No. 125.
Mr. Angell to Mr. Evarts.

No. 25.]

Sir: I herewith, inclose a circular letter, which I am issuing to our consuls in China.

[Page 170]

The general pilotage regulations, though drafted by Sir Rutherford Alcock, were submitted to the foreign ministers at Peking and approved by them prior to their promulgation in November, 1868. Sir Thomas Wade therefore recognized the propriety of submitting to fbreign ministers the slight changes suggested by the chief justice of Her Britanic Majesty’s supreme court at Shanghai.

It has seemed to me not improbable that during the twelve years of trial of the regulations some graver defects than those indicated by the chief justice may have become apparent, and that this may be a favorable opportunity to secure any needed improvement.

I inclose subsections 3 and 4 of the regulations.

The judge finds subsection 3, if I understand him, useless, because the laws of Great Britain prescribe no penalty for the offense named, and subsection 4 in conflict with the order in council, which prescribes that only a part of the maximum fine named can be imposed.

I have the honor, &c.,

[Inclosure 1 in Mr. Angell’s No. 25.]

Mr. Angell to United States Consuls in China.


Sir: In a case carried up by appeal from the British consular court at Swatow to the supreme court at Shanghai, the chief justice has rendered an opinion (see North China Daily News of August 10) in which he finds subsection 3, of the seventh of the general pilotage regulations, adopted in 1868, in conflict with British statutes, and subsection 4 in conflict with British orders in council.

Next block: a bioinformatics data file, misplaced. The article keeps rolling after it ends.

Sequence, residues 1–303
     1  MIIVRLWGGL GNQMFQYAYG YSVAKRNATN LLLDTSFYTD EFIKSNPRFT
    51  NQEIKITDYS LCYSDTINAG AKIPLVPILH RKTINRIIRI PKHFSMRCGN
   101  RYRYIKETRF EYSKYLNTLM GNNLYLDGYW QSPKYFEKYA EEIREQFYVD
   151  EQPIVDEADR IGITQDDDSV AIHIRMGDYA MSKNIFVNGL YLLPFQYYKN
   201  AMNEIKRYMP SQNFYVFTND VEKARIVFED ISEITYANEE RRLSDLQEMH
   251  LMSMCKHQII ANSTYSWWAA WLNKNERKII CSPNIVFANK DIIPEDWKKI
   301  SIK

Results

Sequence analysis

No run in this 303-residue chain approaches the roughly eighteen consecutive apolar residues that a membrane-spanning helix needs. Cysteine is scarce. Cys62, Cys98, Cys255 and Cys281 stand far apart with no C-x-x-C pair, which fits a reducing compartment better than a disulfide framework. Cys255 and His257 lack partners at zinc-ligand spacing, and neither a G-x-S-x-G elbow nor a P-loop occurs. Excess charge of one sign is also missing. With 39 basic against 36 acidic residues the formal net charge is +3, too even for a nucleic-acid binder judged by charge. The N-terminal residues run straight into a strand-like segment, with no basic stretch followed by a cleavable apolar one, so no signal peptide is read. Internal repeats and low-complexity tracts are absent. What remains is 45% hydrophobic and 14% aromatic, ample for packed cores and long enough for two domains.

He has suggested to the British minister that a revision of these subsections be made, and Sir Thomas Wade has submitted the matter to the foreign ministers here for considerations.

It has occurred to me that possibly the experience of twelve years has shown that some considerable modifications, perhaps a general revision, of the regulations may have become desirable. I therefore desire you to inform me—

  • First. Whether, in your opinion, subsections 3 and 4 of the general pilotage regulations need alteration.
  • Secondly. Whether there should be more important modifications of the regulations, or even a complete revision of them.

I am, sir, &c.,

[Inclosure 2 in Mr. Angell’s No. 2.]

General Pilotage Regulations.

Regulation VII.

  • Subsection 3. Any one piloting without a license, or making use of another’s license, shall be subject to prosecution before his own authorities who will deal with the offender in accordance with the laws of his country. Any pilot lending his license to another will be proceeded against and dealt with in the same way in addition to forfeiting his license.
  • Subsection 4. Any commanding officer employing an unlicensed person to pilot his vessel will be liable to be fined in the sum of 100 taels by the authorities to whose jurisdiction he is amenable.